This case has a long, complex procedural history in both state and federal court. At the heart of the current dispute is whether Plaintiffs, who now reside in the U.S. after receiving asylum for the abuses they suffered in Guatemala, should be allowed to proceed with their case in a U.S. court. The case is more than a decade old and the merits claims against a corporation headquartered in Florida have yet to be decided.
On April 30, 2003, Del Monte filed its first motion to dismiss on the grounds of “forum non conveniens”, claiming that Miami, Florida, Defendants’ own backyard, was not a convenient forum and arguing that the case should be tried in Guatemala instead. The District Court denied Defendants’ FNC motion on June 5, 2003, noting that Plaintiffs “were granted asylum in the United States precisely because of the threat of death in Guatemala,” and concluding that a “forum that puts Plaintiffs’ lives at risk cannot be an adequate alternative under the doctrine of forum non conveniens [FNC].” Nevertheless, the court dismissed Plaintiffs’ claims, finding that prolonged detention at gun point under the constant threat of death did not constitute torture under international law and thus Plaintiffs’ claims did not satisfy the requirements of the ATS. Plaintiffs appealed this decision and the Eleventh Circuit reversed the District Court, finding the Plaintiffs had sufficiently stated a cause of action for torture under the ATS and TVPA.
While Plaintiffs’ federal appeal was pending, on January 12, 2004, Plaintiffs filed state law claims in the Eleventh Judicial Circuit Court for Miami Dade County, asserting eight causes of action under Florida law, including battery, assault, arbitrary arrest and detention, false imprisonment, and intentional infliction of emotional distress. Defendants filed a motion to dismiss on FNC grounds, renewing the arguments made before and twice rejected by the federal district court.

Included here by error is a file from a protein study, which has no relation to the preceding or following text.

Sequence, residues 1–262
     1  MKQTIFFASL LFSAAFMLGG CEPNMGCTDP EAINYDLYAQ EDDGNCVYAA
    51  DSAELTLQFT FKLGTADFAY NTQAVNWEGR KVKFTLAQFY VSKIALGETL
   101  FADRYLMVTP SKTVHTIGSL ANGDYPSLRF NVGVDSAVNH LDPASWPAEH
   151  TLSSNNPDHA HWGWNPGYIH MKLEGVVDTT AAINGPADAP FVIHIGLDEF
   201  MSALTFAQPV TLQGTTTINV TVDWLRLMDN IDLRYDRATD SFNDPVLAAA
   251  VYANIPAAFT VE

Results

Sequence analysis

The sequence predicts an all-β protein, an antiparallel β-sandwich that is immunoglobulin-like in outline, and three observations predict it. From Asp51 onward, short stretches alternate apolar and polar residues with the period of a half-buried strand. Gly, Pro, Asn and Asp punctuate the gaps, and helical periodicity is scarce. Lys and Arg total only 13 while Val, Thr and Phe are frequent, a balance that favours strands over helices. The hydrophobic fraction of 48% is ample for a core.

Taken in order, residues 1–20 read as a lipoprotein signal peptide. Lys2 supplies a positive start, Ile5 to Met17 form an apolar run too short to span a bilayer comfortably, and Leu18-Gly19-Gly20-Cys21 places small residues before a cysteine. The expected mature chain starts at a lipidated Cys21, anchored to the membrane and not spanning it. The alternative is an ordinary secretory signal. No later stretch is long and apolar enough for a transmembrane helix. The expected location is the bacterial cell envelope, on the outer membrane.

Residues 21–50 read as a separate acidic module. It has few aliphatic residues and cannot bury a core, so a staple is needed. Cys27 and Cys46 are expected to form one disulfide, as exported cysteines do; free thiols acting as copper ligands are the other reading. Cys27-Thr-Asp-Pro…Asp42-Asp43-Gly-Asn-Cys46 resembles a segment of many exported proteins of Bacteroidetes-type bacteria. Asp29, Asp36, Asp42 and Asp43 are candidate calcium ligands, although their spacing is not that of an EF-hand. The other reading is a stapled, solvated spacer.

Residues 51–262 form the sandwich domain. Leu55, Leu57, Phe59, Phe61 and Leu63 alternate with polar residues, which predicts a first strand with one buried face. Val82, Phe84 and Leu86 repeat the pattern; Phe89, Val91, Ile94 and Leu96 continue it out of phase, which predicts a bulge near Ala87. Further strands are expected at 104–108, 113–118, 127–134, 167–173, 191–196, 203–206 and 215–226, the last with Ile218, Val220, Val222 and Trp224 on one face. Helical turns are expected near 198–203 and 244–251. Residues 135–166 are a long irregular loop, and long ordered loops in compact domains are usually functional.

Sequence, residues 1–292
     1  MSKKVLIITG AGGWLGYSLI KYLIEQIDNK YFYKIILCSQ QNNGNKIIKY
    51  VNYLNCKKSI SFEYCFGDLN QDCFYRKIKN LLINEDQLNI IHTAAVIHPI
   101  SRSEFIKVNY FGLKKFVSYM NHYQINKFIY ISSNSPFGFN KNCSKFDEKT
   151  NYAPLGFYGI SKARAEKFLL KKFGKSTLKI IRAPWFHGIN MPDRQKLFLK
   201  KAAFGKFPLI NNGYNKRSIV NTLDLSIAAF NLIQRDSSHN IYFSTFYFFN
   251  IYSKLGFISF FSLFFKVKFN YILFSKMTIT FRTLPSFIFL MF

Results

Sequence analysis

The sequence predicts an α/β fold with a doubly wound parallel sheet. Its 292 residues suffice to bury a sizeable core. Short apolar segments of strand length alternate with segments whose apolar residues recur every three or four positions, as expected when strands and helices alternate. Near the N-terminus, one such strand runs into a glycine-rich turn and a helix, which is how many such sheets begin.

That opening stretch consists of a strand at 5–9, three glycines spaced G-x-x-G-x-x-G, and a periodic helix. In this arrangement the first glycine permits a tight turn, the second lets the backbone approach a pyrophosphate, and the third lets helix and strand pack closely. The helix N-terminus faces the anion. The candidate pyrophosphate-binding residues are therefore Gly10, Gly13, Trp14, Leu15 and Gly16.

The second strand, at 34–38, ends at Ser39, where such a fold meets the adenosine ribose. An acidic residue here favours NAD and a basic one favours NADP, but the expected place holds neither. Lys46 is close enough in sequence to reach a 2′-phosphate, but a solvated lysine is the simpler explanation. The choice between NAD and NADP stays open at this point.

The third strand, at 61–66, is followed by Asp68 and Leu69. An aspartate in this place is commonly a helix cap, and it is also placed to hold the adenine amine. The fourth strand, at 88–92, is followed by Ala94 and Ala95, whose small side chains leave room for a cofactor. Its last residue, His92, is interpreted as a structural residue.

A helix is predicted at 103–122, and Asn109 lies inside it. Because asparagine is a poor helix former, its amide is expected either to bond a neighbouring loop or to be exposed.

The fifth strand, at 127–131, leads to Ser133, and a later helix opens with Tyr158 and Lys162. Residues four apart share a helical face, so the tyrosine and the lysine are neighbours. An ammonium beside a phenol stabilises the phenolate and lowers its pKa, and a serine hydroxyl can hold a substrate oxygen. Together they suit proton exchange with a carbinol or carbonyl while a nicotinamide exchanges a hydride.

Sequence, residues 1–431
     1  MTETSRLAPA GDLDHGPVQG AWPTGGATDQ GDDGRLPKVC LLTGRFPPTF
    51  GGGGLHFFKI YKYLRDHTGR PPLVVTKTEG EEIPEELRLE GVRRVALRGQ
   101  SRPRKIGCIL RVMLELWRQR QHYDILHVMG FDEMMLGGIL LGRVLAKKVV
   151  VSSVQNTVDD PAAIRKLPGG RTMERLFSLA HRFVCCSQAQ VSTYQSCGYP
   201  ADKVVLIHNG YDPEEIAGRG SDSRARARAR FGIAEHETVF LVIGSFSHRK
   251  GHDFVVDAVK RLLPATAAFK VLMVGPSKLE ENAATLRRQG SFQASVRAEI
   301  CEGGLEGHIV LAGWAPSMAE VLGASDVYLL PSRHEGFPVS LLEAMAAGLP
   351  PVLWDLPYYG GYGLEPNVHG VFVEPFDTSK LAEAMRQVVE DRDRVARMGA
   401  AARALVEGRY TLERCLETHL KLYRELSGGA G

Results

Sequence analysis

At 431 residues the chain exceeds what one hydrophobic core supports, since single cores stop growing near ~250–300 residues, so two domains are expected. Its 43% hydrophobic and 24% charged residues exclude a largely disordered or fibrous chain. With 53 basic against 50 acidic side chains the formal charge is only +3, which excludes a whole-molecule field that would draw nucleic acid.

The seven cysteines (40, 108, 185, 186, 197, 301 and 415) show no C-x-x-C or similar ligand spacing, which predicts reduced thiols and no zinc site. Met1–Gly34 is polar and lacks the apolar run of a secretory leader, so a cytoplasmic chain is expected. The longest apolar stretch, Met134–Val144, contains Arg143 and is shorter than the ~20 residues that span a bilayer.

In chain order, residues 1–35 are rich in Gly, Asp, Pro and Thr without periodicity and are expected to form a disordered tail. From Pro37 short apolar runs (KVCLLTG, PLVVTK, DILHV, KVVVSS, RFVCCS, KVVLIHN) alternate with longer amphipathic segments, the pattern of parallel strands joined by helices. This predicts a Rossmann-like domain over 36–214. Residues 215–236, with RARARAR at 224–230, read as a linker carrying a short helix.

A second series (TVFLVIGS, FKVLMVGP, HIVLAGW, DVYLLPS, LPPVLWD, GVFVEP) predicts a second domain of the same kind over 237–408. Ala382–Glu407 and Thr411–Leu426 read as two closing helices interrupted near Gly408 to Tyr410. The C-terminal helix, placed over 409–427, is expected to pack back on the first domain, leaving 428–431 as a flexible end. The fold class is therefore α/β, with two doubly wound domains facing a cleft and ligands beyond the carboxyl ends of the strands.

Based on the assumption that the Guatemalan judicial system would accept Plaintiffs’ case, the state court dismissed Plaintiffs’ case on the condition that Plaintiffs not be forced to return to Guatemala to litigate based on their legitimate fear for their safety. Plaintiffs appealed this decision, but the dismissal was affirmed without a published opinion. Plaintiffs then appealed to the Florida Supreme Court, which dismissed the case without review.
Back in federal court, on remand from the Eleventh Circuit, Defendants yet again moved to dismiss on FNC grounds. On October 16, 2007, the District Court found that it was precluded from deciding issues already addressed in the state court’s earlier FNC ruling and granted Defendants’ FNC motion and dismissed Plaintiffs’ federal claims without prejudice. Plaintiffs appealed this decision, but the Eleventh Circuit affirmed the District Court’s dismissal in a 2-1 decision. Plaintiffs also sought review by the U.S. Supreme Court, which was denied.